Moderator Nana Shakhnazaryan positioned the evening as an opportunity to see Artsakh from a native perspective and encouraged the audience to take advantage of how intimate this open forum was. “Minister Beglaryan reminds us that we are not a conquered people and he comes with a vision for the future and an invitation to partake in building it together,” she stated.
In light of the recent murders of unarmed Armenian civilians, the forum began with questions on the Russian peacekeepers and their authority in the face of Azerbaijani aggression. “The presence of Russian peacekeepers is the source of stability in Artsakh. Because Azerbaijan is not pleased with the demographics in the region, having expected many more Armenians to emigrate indefinitely after its military campaign, its service members actively jeopardize and undermine Russian peacekeeping efforts to provoke a response,” Beglaryan explained. “We have a constructive relationship with the Russian peacekeepers, but because they do not have formal regulations and lack the authority to launch investigations into breaches of the ceasefire, they are often in a deadlock.”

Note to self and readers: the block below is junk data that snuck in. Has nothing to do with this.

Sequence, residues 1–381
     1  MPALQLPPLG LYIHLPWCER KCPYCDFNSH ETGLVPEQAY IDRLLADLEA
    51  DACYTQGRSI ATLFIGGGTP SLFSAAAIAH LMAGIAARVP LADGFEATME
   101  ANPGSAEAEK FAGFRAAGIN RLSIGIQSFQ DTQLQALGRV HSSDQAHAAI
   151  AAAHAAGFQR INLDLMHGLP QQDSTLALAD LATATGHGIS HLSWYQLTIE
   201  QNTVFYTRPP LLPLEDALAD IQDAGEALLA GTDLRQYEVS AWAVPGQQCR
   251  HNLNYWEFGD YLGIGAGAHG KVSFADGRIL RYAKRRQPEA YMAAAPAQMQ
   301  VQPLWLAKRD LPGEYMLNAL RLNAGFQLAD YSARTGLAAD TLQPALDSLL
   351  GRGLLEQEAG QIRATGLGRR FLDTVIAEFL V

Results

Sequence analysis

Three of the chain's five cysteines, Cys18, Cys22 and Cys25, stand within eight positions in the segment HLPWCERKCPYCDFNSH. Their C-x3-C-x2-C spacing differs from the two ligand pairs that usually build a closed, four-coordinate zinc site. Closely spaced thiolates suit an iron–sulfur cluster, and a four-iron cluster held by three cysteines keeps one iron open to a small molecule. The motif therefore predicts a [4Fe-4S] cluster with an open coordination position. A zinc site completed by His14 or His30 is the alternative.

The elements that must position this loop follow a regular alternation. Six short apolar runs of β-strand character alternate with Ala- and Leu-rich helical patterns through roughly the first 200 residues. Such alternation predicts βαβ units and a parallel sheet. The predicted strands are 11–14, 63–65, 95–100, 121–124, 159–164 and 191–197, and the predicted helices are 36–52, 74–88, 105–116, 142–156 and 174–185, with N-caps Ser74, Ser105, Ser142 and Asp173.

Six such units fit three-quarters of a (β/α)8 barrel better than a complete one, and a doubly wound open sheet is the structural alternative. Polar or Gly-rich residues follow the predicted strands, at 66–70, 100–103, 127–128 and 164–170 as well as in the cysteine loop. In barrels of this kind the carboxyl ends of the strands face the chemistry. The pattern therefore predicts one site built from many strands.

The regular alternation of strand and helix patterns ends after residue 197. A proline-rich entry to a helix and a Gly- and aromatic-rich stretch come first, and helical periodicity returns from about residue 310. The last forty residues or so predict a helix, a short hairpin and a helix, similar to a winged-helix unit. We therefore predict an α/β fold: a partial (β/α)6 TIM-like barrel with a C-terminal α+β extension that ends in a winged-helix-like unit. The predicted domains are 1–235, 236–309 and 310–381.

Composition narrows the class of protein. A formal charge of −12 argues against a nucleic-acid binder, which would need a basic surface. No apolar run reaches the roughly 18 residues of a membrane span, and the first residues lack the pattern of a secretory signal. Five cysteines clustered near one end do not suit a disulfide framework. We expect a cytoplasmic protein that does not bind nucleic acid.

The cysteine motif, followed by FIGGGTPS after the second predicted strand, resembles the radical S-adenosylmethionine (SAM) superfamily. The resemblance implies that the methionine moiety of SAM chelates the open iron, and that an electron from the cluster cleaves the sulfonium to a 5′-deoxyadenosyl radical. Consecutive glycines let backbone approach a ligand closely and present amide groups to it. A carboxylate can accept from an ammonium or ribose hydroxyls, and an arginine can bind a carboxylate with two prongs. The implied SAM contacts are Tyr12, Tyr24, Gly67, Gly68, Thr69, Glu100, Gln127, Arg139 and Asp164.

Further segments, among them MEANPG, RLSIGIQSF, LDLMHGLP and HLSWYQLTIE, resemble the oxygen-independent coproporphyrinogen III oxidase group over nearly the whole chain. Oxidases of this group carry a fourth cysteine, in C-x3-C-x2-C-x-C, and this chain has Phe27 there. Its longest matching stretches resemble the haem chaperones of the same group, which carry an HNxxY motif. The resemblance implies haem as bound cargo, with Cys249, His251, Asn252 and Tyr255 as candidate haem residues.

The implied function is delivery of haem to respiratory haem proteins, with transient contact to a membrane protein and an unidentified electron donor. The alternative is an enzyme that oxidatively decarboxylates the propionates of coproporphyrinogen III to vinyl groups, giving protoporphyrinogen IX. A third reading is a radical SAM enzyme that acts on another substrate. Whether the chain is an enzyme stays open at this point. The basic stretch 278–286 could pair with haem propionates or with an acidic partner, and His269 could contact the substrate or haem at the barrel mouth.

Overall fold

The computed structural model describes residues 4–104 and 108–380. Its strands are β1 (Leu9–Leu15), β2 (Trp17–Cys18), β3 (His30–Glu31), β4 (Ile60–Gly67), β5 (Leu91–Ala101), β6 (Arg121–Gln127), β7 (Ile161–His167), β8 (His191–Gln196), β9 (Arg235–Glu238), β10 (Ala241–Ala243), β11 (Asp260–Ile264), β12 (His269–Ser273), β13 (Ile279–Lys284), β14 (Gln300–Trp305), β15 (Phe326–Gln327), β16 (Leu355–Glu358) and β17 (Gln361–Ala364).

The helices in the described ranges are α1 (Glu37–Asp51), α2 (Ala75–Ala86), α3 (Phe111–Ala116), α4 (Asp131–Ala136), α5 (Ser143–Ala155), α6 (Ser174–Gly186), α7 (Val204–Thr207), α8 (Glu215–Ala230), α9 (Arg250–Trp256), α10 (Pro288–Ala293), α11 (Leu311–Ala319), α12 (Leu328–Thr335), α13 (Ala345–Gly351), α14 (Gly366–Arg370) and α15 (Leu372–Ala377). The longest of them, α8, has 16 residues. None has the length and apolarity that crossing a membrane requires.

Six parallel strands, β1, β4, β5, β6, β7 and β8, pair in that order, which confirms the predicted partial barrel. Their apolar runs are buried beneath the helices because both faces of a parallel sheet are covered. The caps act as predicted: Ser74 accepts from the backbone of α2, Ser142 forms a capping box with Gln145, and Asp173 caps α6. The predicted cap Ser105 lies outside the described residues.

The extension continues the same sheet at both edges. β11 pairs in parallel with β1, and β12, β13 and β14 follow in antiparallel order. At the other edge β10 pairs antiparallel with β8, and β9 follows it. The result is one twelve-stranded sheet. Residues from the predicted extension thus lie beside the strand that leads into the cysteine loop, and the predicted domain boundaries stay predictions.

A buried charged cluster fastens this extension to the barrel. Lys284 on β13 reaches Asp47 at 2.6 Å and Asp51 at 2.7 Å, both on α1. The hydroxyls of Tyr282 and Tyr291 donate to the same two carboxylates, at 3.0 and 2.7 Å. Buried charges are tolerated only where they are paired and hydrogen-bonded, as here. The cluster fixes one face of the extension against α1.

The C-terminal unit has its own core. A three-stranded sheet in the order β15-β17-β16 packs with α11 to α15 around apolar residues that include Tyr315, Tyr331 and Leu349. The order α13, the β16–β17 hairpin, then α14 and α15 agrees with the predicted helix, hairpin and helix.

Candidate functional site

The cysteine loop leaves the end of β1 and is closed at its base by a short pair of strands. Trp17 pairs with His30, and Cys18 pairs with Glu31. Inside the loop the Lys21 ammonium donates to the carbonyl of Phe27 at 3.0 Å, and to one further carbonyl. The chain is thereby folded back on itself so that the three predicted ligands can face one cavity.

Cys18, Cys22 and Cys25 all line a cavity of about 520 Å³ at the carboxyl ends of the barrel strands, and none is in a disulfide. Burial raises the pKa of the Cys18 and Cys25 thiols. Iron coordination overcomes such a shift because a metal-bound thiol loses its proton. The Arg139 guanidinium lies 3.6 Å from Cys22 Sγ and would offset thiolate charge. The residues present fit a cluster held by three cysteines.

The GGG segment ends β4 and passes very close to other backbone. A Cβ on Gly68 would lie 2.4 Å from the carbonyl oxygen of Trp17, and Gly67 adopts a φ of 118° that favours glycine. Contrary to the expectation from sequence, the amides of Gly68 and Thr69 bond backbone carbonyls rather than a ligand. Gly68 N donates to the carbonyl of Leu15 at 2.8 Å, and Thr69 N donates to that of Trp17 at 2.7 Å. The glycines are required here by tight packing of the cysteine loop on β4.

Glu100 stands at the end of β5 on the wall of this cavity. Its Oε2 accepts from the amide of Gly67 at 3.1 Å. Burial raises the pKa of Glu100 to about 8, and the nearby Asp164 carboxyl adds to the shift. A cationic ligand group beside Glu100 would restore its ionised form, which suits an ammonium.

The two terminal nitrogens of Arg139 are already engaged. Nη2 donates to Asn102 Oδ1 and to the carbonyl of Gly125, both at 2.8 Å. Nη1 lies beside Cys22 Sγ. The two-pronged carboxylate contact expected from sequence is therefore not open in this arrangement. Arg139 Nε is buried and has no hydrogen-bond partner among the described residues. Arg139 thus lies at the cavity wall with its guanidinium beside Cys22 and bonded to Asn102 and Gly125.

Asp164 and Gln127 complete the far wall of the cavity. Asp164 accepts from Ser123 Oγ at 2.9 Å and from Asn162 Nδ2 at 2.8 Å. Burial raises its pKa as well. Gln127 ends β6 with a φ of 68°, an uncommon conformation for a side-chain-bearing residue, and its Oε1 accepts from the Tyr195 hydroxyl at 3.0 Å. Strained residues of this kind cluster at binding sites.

Before he assumed the position of Minister of State, Beglaryan came to prominence as the Human Rights Defender of Artsakh. As Ombudsman, he tirelessly catalogued the series of abuses indigenous Armenians faced during the war and in the murky aftermath of ceasefire. Still a dedicated advocate, he fielded questions on the ways in which justice can be sought on the international stage and the key issue of Armenian prisoners of war still captive in Azerbaijan. “We have documented the details of these abuses extensively but have been unable to investigate or record what we estimate to be thousands of crimes on the Azerbaijani side,” he explained. “A lot of statements were made by politicians and human rights activists alike, but we haven’t seen any change in Azerbaijan’s behavior and have yet to see the impact of these statements.” Beglaryan also described how Azerbaijan’s authoritarian state policy of Armenophobia has created a situation in which any attempt at transitional justice or reconciliation remains impossible. He called out to the audience to leverage their networks in any attempt to raise awareness for this ongoing campaign of human rights violations, affirming that though the government of Artsakh relies heavily on the Republic of Armenia to plead these cases, it still welcomes the support of the Diaspora.